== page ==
Painkillers will be administered to reduce pain, as well as medication to make the blood more fluid, which prevents the formation of blood clots in the veins of the lower extremity (venous thrombosis). You may also use special bandages or socks to aid blood circulation (venous stasis). You should have regular blood tests. The fluid drainage system is usually removed within the next two days and the sutures or clips after about ten to twenty days. The exercises for restoring your joint movements (physiotherapy) usually begin the next day of surgery and last for several months.

 

Returning home

It depends on the hospital in which you are hospitalized and mainly on your situation and your overall health status. Generally, you return home after about five to ten days. You may also be admitted to a physiotherapy center for three weeks or more (up to six weeks).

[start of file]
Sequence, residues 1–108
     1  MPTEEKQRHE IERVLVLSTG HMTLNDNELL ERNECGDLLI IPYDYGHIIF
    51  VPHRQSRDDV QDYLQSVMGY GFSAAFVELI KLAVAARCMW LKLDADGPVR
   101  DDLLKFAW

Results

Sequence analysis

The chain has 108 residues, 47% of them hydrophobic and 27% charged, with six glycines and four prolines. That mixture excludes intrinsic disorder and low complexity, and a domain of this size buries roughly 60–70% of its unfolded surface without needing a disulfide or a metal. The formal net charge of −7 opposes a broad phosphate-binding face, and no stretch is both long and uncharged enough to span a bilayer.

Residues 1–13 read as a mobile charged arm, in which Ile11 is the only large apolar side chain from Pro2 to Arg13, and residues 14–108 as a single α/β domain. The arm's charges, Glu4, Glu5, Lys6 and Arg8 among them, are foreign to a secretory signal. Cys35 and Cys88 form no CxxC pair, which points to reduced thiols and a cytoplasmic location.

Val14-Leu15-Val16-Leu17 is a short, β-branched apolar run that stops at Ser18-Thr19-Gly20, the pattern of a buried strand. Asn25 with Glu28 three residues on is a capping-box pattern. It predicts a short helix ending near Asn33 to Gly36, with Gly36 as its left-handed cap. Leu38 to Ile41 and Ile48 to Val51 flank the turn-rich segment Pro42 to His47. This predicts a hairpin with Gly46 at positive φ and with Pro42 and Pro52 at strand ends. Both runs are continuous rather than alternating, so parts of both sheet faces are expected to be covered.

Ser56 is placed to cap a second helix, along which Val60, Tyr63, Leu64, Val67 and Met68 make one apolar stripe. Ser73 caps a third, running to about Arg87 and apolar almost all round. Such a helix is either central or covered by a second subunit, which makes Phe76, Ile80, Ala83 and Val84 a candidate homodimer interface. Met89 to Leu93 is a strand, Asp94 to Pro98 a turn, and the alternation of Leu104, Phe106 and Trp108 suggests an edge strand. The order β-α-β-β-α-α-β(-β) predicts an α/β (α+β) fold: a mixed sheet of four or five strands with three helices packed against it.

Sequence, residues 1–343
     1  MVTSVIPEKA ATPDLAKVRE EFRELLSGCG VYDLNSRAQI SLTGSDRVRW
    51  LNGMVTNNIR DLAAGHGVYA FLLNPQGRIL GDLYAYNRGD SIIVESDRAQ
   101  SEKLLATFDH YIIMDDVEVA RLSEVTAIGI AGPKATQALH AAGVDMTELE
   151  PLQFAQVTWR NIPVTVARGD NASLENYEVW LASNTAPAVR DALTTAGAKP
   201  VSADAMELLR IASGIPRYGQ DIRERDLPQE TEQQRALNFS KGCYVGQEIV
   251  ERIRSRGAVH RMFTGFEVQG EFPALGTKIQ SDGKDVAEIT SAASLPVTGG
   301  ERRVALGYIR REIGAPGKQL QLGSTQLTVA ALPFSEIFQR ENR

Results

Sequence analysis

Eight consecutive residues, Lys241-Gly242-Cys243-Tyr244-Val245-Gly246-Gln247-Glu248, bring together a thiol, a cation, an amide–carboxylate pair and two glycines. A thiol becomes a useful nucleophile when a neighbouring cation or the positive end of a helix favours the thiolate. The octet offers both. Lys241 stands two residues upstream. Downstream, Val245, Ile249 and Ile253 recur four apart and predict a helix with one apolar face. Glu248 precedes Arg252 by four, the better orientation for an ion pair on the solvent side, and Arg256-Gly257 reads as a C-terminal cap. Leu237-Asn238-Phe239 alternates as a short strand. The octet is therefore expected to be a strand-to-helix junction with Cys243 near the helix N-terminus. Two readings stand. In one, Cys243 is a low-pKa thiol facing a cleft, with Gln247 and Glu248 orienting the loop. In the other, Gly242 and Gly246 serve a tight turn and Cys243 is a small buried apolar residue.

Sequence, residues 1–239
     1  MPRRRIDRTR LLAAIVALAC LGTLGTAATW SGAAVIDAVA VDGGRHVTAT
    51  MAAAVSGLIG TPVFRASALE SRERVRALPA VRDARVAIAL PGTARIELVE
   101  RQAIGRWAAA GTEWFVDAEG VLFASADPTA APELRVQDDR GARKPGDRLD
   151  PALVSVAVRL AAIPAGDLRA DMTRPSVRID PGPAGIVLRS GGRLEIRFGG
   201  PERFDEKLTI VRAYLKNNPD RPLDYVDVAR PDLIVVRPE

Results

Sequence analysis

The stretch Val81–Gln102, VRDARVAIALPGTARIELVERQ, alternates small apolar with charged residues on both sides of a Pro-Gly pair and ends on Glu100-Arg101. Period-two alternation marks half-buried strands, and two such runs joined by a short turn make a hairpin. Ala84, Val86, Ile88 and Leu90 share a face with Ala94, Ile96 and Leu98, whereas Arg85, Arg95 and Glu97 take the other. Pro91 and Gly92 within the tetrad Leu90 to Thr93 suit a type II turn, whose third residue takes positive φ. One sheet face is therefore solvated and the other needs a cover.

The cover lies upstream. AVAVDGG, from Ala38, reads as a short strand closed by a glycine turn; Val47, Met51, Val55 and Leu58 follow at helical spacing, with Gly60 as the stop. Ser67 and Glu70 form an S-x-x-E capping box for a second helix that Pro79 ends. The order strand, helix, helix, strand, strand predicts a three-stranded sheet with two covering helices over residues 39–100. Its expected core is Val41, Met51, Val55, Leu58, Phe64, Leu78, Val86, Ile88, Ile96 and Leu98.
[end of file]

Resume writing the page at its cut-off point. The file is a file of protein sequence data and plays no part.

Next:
Monitoring

You must strictly follow your doctor’s instructions. It is important to be consistent in your post-surgery visits to the doctor and to undergo screening tests (e.g. X-rays) if necessary. In this way, the surgeon monitors the healing progress of the hip and adjusts the physiotherapy accordingly. You usually visit your doctor after three months, then six months, one year and after several years (three, five, seven years), to check the stability of the bone prosthesis.

 

The result

Pain

The pain associated with arthritis recedes immediately after surgery. However, if you have to exert stress on your joint in the weeks following surgery, painkillers may be helpful. The scar of the incision, muscles and tendons can cause slight pain for some months (post-operative pain).

 

Functionality

The replacement of painful – due to friction – areas allows the joint to function smoothly. You can soon walk again. The effect of surgery is often impressing. At best, you forget that the prosthetic joint is there at all! You must, however, avoid specific movements that increase the risk of dislocation.

 

Autonomy